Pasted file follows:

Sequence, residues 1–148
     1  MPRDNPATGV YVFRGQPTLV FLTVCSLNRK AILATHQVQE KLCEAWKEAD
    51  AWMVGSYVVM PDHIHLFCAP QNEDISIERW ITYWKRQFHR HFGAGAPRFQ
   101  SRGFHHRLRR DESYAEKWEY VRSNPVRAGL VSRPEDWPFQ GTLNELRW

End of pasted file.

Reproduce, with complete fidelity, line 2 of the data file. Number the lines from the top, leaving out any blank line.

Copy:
     1  MPRDNPATGV YVFRGQPTLV FLTVCSLNRK AILATHQVQE KLCEAWKEAD